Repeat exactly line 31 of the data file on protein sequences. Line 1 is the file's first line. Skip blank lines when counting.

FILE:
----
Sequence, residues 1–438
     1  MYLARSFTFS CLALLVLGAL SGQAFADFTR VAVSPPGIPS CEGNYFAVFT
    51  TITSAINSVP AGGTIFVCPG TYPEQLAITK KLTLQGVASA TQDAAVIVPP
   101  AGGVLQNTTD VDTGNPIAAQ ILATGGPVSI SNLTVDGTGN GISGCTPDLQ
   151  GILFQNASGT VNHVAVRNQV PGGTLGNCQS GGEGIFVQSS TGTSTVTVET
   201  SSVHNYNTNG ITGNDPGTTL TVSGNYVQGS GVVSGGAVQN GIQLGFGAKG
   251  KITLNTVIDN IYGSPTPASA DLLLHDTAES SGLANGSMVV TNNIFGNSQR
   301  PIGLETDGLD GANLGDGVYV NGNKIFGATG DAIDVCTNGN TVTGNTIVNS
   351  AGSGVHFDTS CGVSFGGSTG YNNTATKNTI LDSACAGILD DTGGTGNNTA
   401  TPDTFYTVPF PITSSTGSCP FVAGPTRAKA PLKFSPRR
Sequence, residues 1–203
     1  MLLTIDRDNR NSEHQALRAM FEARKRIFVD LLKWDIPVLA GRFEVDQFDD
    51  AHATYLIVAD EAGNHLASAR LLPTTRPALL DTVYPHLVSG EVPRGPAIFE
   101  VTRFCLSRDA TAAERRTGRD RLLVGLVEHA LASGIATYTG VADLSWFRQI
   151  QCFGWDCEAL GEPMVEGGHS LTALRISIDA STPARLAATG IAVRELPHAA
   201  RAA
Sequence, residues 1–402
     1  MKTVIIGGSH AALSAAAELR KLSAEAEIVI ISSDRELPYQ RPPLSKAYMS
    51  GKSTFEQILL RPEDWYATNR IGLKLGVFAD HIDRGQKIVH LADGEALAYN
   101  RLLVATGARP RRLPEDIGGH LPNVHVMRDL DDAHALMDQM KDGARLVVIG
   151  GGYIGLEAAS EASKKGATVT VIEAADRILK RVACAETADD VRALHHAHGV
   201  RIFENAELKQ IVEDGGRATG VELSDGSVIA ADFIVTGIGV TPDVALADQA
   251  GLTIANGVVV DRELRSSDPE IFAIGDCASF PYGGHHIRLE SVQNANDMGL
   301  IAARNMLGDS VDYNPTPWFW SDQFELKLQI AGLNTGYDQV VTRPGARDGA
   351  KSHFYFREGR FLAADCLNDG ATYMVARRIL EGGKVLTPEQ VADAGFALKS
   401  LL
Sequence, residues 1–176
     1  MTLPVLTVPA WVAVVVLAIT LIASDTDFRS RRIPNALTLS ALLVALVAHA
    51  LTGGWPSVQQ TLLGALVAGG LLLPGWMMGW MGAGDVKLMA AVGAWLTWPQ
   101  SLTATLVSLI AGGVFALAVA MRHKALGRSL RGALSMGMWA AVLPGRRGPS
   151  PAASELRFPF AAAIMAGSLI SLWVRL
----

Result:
   151  PAASELRFPF AAAIMAGSLI SLWVRL